Carnival Of Space #331

Winter is peeking into the forecast in the Northern Hemisphere and that means cold, snow and warm friends and family. With the holiday season now upon us, the Carnival of Space continues giving amazing stories for your perusal. It’s time to curl up under a toasty blanket with nice warm beverage and your favorite electronic reading device. Off to the Carnival!

We start this week with an article about some amazing discoveries from the Chandra X-ray telescope:

Circinus X-1 had been a puzzle to X-ray astronomers almost from the moment of its discovery.

Chandra has been a busy craft here lately. Urban Astronomer takes a look at the different look Chandra gives us of exoplanets:

NASA’s Chandra X-ray telescope has been looking at its first exoplanet and found that the planet appeared three times in X-ray than when viewed in optical light.

The Next Big Future has a trio of articles for this week, starting with a look at Hubble:

Using the powerful eye of NASA’s Hubble Space Telescope, two teams of scientists have found faint signatures of water in the atmospheres of five distant planets. The presence of atmospheric water was reported previously on a few exoplanets orbiting stars beyond our solar system, but this is the first study to conclusively measure and compare the profiles and intensities of these signatures on multiple worlds.

Next they look at how SpaceX is preparing to test some new hardware concepts they are working on:

SpaceX plans to begin testing components of a methane-fueled engine called Raptor at the Stennis Space Center in Mississippi early 2014. SpaceX will perform these tests at Stennis’ E-2 test facility, which will require an upgrade to accommodate the full Raptor engine – a closed-loop methane-oxygen concept SpaceX is working on for missions to deep space. The upgrades would be funded by SpaceX, NASA and the Mississippi Development Authority. SpaceX’s Raptor engine is designed to generate more than 661,000 pounds of thrust in a vacuum. The current Raptor concept “is a highly reusable methane staged-combustion engine that will power the next generation of SpaceX launch vehicles designed for the exploration and colonization of Mars,” Shanklin said. “The Raptor engine currently in development is the first in what we expect to be a family of engines.”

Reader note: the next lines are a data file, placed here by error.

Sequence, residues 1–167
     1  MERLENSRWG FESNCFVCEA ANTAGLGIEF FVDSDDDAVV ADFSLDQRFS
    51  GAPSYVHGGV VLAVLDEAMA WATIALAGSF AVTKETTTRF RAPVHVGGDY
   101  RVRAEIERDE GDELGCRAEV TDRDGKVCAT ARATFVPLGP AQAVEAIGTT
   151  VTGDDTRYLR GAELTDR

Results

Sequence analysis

They wrap up their article sweep with a look at SpaceX’s latest successful launch:

Space Exploration Technologies (SpaceX) successfully completed its first geostationary transfer mission, delivering the SES-8 satellite to its targeted 295 x 80,000 km orbit. Falcon 9 executed a picture-perfect flight, meeting 100% of mission objectives. Falcon 9 lifted off from Space Launch Complex 40 (SLC-40) at 5:41 PM Eastern Time. Approximately 185 seconds into flight, Falcon 9’s second stage’s single Merlin vacuum engine ignited to begin a five minute, 20 second burn that delivered the SES-8 satellite into its parking orbit. Eighteen minutes after injection into the parking orbit, the second stage engine relit for just over one minute to carry the SES-8 satellite to its final geostationary transfer orbit. The restart of the Falcon 9 second stage is a requirement for all geostationary transfer missions.

Photos to Space Brings us a pair of articles on life in space. The first looks at music and the role sound plays in space. The second takes a look at how to create gravity to help astronauts stay safe.

In space no one can hear you scream. But is that because it would be drowned out by the music of space? Sounds the Universe makes are the topic of this blog entry by Steve Shurtleff.

Space is a great place to work, except for the physiological changes. What ways can we reduce the difficulties that astronauts face? This article takes a fascinating look at spinning for gravity.

Speaking of gravity, Universe Today has a great article on research being done on the quantum level. Could this to a better understanding of what makes gravity work?

Julian Sonner, a senior postdoctoral researcher at the Massachusetts Institute of Technology, led research showing that when two of these quarks are created, string theory creates a wormhole linking the quarks.

That’s it for this week. We hope you enjoyed the reading. Remember the Carnival of Space is a great way to stay up to date with what is happening in Space and here on Earth. Be sure to support the blogs and websites that bring the Carnival to you each week.

Happy Holidays!